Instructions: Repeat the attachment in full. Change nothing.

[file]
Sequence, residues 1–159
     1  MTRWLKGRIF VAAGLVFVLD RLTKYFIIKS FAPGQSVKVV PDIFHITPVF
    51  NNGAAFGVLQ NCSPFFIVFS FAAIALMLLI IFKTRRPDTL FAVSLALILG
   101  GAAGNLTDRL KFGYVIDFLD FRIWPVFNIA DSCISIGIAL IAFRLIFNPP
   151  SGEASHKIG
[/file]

Sequence, residues 1–159
     1  MTRWLKGRIF VAAGLVFVLD RLTKYFIIKS FAPGQSVKVV PDIFHITPVF
    51  NNGAAFGVLQ NCSPFFIVFS FAAIALMLLI IFKTRRPDTL FAVSLALILG
   101  GAAGNLTDRL KFGYVIDFLD FRIWPVFNIA DSCISIGIAL IAFRLIFNPP
   151  SGEASHKIG